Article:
From BiblePortal Wikipedia

King James Dictionary [1]

Heave, heev. pret. heaved, or hove pp. heaved, hove, formerly hoven. Gr. to breathe.

1. To lift to raise to move upward.

So stretch'd out huge in length the arch fiend lay,

Chain'd on the burning lake, nor ever hence

Had ris'n, or heaved his head.

2. To cause to swell.

The glittering finny swarms

That heave our friths and crowd upon our shores.

3. To raise or force from the breast as, to heave a sigh or groan, which is accompanied with a swelling or expansion of the thorax. 4. To raise to elevate with high.

One heaved on high.

5. To puff to elate. 6. To throw to cast to send as, to heave a stone. This is a common use of the word in popular language, and among seamen as, to heave the lead. 7. To raise by turning a windlass with up as, to heave up the anchor. Hence, 8. To turn a windlass or capstern with bars or levers. Hence the order, to heave away.

To heave ahead, to draw ship forwards.

To heave astern, to cause to recede to draw back.

To heave down, to throw or lay down on one side to careen.

To heave out, to throw out. With seamen, to loose or unfurl a sail, particularly the stay-sails.

To heave in stays, in tacking, to bring a ship's head to the wind.

To heave short, to draw so much of a cable into the ship, as that she is almost perpendicularly above the anchor.

To heave a strain, to work at the windlass with unusual exertion.

To heave taught, to turn a capstern, &c. till the rope becomes straight. See Taught and Tight.

To heave to, to bring the ship's head to the wind, and stop her motion.

To heave up, to relinquish so to throw up as, to heave up a design. Vulgar.

Heave, heev. To swell, distend or dilate as, a horse heaves in panting. Hence,

1. To pant to breathe with labor or pain as, he heaves for breath. 2. To keck to make an effort to vomit. 3. To rise in billows, as the sea to swell. 4. To rise to be lifted as, a ship heaves. 5. To rise or swell, as the earth at the breaking up of frost.

To heave in sight, to appear to make its first appearance as a ship at sea, or as a distant object approaching or being approached.

We observe that this verb has often the sense of raising or rising in an arch or circular form, as in throwing and in distention, and from this sense is derived its application to the apparent arch over our heads, heaven.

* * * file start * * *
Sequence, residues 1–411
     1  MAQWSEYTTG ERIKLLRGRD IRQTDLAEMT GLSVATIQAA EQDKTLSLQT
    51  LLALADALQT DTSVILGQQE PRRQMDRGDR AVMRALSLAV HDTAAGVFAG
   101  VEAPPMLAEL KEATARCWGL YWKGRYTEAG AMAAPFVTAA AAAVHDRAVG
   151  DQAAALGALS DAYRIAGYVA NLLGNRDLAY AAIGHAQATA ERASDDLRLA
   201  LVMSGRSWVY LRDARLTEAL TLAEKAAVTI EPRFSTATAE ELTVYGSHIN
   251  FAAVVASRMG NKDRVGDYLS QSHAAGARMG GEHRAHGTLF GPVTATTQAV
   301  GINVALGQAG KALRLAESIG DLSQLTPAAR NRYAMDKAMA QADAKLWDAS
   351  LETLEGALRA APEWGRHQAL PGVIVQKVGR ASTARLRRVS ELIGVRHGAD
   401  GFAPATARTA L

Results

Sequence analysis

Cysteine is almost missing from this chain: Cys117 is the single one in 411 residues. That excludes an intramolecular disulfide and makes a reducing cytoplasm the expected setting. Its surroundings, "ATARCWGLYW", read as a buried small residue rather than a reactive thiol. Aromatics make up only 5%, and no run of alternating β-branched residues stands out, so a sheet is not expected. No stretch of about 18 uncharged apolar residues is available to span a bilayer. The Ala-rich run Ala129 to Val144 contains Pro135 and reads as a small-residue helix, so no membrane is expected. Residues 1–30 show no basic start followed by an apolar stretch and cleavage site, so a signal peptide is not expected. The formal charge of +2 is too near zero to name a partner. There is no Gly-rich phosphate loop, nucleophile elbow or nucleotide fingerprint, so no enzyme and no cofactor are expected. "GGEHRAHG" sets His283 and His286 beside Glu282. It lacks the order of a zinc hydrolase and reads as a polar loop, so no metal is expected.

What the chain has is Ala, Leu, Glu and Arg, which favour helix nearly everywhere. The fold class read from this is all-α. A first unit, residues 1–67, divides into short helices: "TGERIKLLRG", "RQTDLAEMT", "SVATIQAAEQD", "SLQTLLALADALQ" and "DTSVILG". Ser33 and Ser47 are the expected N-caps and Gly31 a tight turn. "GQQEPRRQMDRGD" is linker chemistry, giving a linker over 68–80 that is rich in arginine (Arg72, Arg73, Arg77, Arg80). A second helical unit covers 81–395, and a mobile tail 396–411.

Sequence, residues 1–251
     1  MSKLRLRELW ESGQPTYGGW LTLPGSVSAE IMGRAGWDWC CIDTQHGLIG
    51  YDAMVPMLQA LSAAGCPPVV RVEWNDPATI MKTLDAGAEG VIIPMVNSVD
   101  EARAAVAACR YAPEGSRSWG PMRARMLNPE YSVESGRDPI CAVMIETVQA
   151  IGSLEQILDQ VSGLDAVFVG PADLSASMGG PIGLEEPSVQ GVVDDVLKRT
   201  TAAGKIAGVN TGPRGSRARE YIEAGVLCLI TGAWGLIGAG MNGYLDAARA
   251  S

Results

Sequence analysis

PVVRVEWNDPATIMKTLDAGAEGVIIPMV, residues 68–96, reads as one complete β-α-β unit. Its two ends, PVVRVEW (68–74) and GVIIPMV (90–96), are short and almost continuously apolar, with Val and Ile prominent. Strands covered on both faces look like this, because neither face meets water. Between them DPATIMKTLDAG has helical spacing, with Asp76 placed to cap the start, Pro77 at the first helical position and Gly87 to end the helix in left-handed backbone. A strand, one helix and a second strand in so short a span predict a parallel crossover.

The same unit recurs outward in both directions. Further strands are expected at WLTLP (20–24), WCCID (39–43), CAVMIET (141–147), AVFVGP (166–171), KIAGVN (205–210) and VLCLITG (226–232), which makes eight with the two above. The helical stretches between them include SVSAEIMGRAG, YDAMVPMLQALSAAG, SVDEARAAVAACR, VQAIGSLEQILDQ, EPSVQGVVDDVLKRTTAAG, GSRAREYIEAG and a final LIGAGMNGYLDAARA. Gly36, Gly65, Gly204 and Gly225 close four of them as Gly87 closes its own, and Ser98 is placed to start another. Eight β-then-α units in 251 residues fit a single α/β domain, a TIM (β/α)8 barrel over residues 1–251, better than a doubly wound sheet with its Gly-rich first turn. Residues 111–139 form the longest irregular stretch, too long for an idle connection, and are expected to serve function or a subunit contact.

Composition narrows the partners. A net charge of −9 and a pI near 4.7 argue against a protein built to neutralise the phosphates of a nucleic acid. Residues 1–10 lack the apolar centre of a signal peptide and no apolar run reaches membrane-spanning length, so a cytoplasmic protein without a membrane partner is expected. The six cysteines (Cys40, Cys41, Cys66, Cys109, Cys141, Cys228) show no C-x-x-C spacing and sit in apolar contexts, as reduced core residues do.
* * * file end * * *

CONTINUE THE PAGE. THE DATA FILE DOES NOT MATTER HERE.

Heave, n. heev. A rising or swell an exertion or effort upward.

None could guess whether the next heave of the earthquake would settle or swallow them.

1. A rising swell, or distention, as of the breast.

These profound heaves.

2. An effort to vomit. 3. An effort to rise.

Webster's Dictionary [2]

(1): ( v. i.) To make an effort to vomit; to retch; to vomit.

(2): ( v. t.) To force from, or into, any position; to cause to move; also, to throw off; - mostly used in certain nautical phrases; as, to heave the ship ahead.

(3): ( v. i.) To be thrown up or raised; to rise upward, as a tower or mound.

(4): ( v. i.) To rise and fall with alternate motions, as the lungs in heavy breathing, as waves in a heavy sea, as ships on the billows, as the earth when broken up by frost, etc.; to swell; to dilate; to expand; to distend; hence, to labor; to struggle.

(5): ( v. i.) To make an effort to raise, throw, or move anything; to strain to do something difficult.

(6): ( v. t.) To raise or force from the breast; to utter with effort; as, to heave a sigh.

(7): ( n.) An effort to raise something, as a weight, or one's self, or to move something heavy.

(8): ( n.) An upward motion; a rising; a swell or distention, as of the breast in difficult breathing, of the waves, of the earth in an earthquake, and the like.

(9): ( n.) A horizontal dislocation in a metallic lode, taking place at an intersection with another lode.

(10): ( v. t.) To throw; to cast; - obsolete, provincial, or colloquial, except in certain nautical phrases; as, to heave the lead; to heave the log.

(11): ( v. t.) To cause to move upward or onward by a lifting effort; to lift; to raise; to hoist; - often with up; as, the wave heaved the boat on land.

(12): ( v. t.) To cause to swell or rise, as the breast or bosom.

Wilson's Dictionary of Bible Types [3]

 Numbers 15:20 (c) The lifting and moving back and forth of the sacrifices of the Israelites was called heaving. It represents the Christian holding up before the Lord figuratively and waving back and forth before His face the beauty and loveliness of Christ, the Blood of Christ, the sacrifice of the Saviour, so that he calls attention to the virtues of His Son, rather than to any merits of his own, (See also  Numbers 18:19).